Copper prices eased overnight as worries over global economic growth lingered, with aluminium also weakening after a major producer warned about softer demand.
Zinc, however, bucked the trend as an environmental crackdown in China created shortages of refined metal.
A steady drum beat of weak economic data in recent weeks, including in top metals consumer China, has stoked fears of a global recession.
Industrial output in Europe’s biggest economy, Germany, registered an unexpected fourth consecutive monthly decline in December, data showed on Thursday, while the Bank of England said Britain faces its weakest economic growth in a decade.
Also dampening sentiment was news that US President Donald Trump and China’s Xi Jinping are unlikely to meet before their countries’ March 1 deadline to reach a trade deal.
‘The macro concerns are still very much there,’ said BMO Capital Markets analyst Kash Kamal.
‘The surprise has come from emerging markets countries apart from China. While Europe is weak, the hopes were for EM ex-China to remain relatively robust, but that’s weakened as well.’
Three-month copper on the London Metal Exchange shed 0.5 per cent to $US6,246 a tonne in closing open outcry trading, easing from a two-month high of $US6,289.50 earlier in the session.
Trading remained subdued, with markets in China closed for the week-long Lunar New Year holiday.
Norwegian aluminium producer Norsk Hydro warned that an uncertain economic outlook could sap demand in the coming year.
Benchmark LME aluminium dropped 0.7 per cent to finish at $US1,894 a tonne.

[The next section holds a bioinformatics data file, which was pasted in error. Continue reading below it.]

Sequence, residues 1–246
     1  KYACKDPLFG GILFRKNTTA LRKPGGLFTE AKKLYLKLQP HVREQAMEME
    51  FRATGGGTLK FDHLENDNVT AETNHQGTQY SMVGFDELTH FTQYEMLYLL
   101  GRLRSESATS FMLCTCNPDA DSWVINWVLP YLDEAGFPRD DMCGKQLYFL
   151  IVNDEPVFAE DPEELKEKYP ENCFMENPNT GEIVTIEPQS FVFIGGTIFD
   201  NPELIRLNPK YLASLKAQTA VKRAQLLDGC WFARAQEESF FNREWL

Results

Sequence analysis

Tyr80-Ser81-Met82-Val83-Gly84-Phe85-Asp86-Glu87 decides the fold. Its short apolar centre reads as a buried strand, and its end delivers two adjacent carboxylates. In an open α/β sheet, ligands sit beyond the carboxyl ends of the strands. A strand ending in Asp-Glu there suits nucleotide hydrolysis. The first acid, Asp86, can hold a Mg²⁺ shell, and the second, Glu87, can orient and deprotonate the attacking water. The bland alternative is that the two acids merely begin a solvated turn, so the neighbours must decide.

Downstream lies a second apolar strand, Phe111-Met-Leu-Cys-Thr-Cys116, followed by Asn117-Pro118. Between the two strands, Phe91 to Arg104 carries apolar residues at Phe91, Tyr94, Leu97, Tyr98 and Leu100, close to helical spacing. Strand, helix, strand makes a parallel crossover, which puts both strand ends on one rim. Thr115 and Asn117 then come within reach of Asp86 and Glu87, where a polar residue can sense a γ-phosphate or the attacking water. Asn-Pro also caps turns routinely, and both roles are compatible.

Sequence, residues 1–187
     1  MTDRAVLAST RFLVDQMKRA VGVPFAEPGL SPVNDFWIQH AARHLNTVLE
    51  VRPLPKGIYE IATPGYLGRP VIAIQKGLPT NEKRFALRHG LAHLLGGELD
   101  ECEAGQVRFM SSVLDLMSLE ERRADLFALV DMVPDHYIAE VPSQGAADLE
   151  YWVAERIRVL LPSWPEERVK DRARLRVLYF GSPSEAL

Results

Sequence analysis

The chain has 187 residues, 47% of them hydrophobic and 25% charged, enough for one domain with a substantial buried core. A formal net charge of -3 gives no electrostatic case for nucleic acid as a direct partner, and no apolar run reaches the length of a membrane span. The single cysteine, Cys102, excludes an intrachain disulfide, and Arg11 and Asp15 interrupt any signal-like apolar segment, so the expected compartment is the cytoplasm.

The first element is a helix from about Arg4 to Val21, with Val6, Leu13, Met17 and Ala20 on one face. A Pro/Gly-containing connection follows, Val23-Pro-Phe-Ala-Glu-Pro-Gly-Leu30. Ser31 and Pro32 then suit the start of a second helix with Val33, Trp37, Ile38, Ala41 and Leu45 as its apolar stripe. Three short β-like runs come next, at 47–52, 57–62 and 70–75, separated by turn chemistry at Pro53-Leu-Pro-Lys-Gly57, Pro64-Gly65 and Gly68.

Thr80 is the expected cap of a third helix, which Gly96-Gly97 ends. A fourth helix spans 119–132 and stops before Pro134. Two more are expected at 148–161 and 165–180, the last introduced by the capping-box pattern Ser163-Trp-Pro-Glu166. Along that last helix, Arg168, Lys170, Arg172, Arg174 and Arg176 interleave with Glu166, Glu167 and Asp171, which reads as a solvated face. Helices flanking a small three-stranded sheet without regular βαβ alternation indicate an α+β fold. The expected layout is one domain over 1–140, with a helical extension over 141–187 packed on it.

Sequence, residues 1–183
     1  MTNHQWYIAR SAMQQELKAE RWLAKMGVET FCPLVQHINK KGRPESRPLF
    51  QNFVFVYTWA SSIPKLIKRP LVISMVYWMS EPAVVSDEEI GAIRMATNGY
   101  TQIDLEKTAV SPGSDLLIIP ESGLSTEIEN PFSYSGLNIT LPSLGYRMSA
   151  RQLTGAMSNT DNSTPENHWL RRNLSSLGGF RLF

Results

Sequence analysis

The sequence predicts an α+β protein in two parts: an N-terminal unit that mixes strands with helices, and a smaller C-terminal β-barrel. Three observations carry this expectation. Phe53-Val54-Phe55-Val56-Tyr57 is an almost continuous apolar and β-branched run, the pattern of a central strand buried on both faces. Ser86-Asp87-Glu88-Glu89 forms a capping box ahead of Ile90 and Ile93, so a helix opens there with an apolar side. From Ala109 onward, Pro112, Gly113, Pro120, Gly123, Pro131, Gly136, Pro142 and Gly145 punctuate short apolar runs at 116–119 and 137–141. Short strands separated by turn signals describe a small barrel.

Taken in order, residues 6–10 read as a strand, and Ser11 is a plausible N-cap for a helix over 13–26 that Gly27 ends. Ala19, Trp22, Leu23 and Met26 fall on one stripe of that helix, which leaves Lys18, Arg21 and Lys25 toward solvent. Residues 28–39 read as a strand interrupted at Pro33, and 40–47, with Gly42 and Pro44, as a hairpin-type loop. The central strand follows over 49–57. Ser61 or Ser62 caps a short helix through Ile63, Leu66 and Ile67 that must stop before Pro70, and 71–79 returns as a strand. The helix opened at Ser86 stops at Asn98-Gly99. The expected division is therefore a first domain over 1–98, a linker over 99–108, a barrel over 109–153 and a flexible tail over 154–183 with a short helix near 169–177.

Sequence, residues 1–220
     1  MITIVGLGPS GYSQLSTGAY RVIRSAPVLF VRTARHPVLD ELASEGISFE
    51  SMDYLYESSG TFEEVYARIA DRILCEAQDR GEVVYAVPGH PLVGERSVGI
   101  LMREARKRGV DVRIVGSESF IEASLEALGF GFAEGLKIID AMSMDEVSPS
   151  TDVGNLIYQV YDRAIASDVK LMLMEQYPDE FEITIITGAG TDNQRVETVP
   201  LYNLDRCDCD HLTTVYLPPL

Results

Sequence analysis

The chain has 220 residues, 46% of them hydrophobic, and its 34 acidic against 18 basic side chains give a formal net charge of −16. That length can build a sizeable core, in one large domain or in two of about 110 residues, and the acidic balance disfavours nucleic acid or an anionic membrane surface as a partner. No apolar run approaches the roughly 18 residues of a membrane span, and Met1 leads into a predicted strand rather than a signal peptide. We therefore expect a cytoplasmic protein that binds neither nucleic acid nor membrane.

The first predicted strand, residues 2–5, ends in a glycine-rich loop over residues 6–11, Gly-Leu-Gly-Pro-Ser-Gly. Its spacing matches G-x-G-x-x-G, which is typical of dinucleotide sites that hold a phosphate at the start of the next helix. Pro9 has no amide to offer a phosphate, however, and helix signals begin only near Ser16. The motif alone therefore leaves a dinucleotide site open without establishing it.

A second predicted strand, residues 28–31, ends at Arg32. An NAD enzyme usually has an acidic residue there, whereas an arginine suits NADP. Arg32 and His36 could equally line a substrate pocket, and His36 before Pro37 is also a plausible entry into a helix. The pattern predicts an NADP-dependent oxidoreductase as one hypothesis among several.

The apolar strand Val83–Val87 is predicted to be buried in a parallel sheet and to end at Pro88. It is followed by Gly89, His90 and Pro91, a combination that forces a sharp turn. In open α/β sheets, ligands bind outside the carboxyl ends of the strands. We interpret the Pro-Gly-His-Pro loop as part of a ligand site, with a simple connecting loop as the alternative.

LME zinc was the top exchange’s top performer, climbing 1 per cent to $US2,731 a tonne after hitting a seven-month high on Tuesday.
LME on-warrant inventories – those not earmarked for delivery – have tumbled to their lowest since October 2007.
‘Refined metal stocks are dwindling and Beijing is cracking down on Chinese smelters, which is creating something of a bottleneck for concentrates flowing through to refined metal,’ Kamal said.
LME nickel added 0.5 per cent to close at $US12,985 a tonne after touching $US13,350 on Wednesday, its highest since August 31, partly on worries about top producer Vale after last month’s collapse of a tailings dam controlled by the Brazilian mining company.
‘This price action seems unjustified in our opinion, with the majority of Vale’s nickel supply outside of Brazil and none of their six nickel mines utilising the upstream tailings method,’ Natixis analyst Bernard Dahdah said in a note.
‘We remain bullish on nickel through 2019 … but believe a move lower is likely in the short term.’
Weighing on the complex was a firmer dollar index , making US dollar-denominated metals more expensive for holders of other currencies.
Lead fell 0.5 per cent to end at $US2,080 a tonne while tin slipped 0.2 per cent to $US20,950.